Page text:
Inge& YuliIn the context of the Brussels Internet & Telecom Seminar on data portability coming up on April 29, Inge Graef and Yuli Wahyuningtyas of the Interdisciplinary Centre for Law and ICT (ICRI – iMinds) of the KU Leuven – University of Leuven, interviewed internet governance expert Ian Brown of the Oxford Internet Institute about the new right to data portability and its implications for the online social network industry.

Inge: Online social network providers claim that they already enable data portability by giving users the possibility to download their data in a particular format. Does this correspond with what you think data portability should entail?

Ian: As long as social network providers use an open format that anyone canian_brown write software to parse, this would make data portability possible. This is what the European Commission’s proposal for the General Data Protection Regulation stated in recitals 59, 130 and 131 and Article 18. We have to wait to see how far the Commission and the Council accept the version of the regulation approved by the European Parliament.

Yuli: Since data portability would enable users to switch between different online social networks more easily, how can a balance be struck between the interests of these businesses to keep users in their platform and the interests of users to have control over their data?

If you consider competitive markets as a good thing both for efficiency and for user control, I do not think there is a balance to be struck here. The social networking industry is currently not competitive because of the user lock-in that creates dominance in the market. Anyway, the proposed regulation only makes easier the right of access to personal data that always existed in the Data Protection Directive.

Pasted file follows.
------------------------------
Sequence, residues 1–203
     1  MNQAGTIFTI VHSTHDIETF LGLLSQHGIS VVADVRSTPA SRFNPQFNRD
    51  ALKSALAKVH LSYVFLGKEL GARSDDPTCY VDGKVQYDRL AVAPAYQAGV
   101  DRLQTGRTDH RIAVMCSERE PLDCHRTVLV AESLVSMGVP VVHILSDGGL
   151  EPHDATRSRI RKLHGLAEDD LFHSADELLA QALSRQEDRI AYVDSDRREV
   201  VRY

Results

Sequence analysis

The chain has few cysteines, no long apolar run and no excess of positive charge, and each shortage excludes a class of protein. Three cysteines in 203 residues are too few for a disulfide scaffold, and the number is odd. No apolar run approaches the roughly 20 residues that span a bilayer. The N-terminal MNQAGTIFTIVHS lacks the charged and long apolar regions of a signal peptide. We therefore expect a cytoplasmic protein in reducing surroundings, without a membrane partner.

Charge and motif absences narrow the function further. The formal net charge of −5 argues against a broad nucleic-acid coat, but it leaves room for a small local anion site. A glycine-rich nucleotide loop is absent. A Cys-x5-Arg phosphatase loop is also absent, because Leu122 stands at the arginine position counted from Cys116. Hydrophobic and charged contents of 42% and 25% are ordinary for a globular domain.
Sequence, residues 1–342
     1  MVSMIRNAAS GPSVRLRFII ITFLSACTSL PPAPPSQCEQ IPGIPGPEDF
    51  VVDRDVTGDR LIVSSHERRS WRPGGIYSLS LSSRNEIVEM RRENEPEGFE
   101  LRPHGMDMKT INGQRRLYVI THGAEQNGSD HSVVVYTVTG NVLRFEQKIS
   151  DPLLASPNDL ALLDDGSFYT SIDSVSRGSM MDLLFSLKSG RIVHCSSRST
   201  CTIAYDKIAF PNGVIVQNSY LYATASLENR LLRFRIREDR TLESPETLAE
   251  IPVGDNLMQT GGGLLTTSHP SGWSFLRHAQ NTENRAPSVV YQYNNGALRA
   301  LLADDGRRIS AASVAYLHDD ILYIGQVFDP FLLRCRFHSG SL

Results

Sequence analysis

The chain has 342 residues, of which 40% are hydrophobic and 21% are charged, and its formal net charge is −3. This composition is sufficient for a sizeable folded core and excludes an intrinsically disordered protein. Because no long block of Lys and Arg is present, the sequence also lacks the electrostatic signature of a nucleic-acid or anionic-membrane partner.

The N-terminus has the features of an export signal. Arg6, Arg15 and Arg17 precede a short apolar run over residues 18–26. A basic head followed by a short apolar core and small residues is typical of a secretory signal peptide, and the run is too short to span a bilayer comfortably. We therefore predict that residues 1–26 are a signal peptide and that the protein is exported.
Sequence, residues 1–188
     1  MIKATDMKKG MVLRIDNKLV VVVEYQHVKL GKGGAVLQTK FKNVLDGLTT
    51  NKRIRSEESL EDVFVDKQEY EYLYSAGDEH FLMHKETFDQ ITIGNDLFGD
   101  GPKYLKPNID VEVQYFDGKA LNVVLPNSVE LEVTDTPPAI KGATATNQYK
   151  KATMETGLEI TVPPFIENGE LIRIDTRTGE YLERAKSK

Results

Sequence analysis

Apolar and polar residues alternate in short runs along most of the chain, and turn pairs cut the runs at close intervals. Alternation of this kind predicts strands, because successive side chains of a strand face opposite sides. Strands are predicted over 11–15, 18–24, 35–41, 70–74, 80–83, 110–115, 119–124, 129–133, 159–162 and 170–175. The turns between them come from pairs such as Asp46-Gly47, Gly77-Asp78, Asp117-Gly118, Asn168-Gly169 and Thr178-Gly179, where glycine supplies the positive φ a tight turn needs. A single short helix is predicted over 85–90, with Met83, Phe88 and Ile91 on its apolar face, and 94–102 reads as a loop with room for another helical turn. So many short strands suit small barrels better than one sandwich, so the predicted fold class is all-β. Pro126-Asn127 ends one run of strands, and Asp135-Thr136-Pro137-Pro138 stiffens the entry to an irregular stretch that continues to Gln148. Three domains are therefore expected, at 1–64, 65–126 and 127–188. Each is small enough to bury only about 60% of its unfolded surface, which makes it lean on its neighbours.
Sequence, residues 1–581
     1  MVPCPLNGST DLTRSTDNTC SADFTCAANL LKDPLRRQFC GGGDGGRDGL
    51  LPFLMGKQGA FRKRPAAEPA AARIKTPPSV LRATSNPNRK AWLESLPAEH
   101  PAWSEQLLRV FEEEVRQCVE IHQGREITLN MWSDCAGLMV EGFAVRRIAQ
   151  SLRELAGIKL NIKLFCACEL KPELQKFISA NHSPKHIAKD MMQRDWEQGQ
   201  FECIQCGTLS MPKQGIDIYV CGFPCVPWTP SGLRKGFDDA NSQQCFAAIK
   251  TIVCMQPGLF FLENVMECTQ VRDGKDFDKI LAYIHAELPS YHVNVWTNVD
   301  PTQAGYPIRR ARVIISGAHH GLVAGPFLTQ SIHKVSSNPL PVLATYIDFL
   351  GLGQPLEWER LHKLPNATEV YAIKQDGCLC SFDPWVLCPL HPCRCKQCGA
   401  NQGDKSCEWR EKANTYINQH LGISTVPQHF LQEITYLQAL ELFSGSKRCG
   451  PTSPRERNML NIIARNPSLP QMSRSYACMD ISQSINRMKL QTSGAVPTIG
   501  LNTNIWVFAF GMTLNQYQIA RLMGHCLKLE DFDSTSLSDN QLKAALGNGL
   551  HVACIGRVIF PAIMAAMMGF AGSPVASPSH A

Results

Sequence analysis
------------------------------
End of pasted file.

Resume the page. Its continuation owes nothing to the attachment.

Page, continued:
Would data portability bring risks to privacy in your view, for instance concerning data leaks?

No, companies will still have a duty to take organisational and technical measures to protect user data. The standards developed for portability can incorporate these.

Although data portability may increase competition, it does not create interoperability between different online social networks, so would it be sufficient to protect the user’s interest in the digital economy?

Data portability is necessary, but not sufficient. Chris Marsden and I argued in our book Regulating Code that regulators may also need to impose ex ante interoperability requirements on dominant companies in information industries such as social networking companies where strong network effects make it much more difficult for new competitors entering the market. We identified three potential models of regulation: must-carry obligations which are already imposed on broadcasters and electronic program guides; application programming interfaces disclosure requirements like the ones placed on Microsoft; and interconnection requirements as imposed on telecommunications providers.  

To have this interoperability though there should be common technical standards and procedures for the transmission of personal data; how can this be best achieved in your view?

Regulators could ask for standards to be developed by a body that meets the European Commission’s standards as laid down in Annex II of Regulation 1025/2012. This could be the World Wide Web Consortium (W3C) or the Internet Engineering Task Force (IETF).

Do you think the right to data portability, if adopted, will affect the development of industries like social networking that work with closed systems? If yes, how would the industry landscape look like, let’s say in ten years from now?

Ideally, the common services of online social networks, such as status and contact detail updates, photo sharing, “likes”, and so on, will have become a standard part of PC, tablet and smartphone operating systems and apps, so users have a wide variety of choices over how they share information with their friends, family and colleagues – including the privacy policies that apply.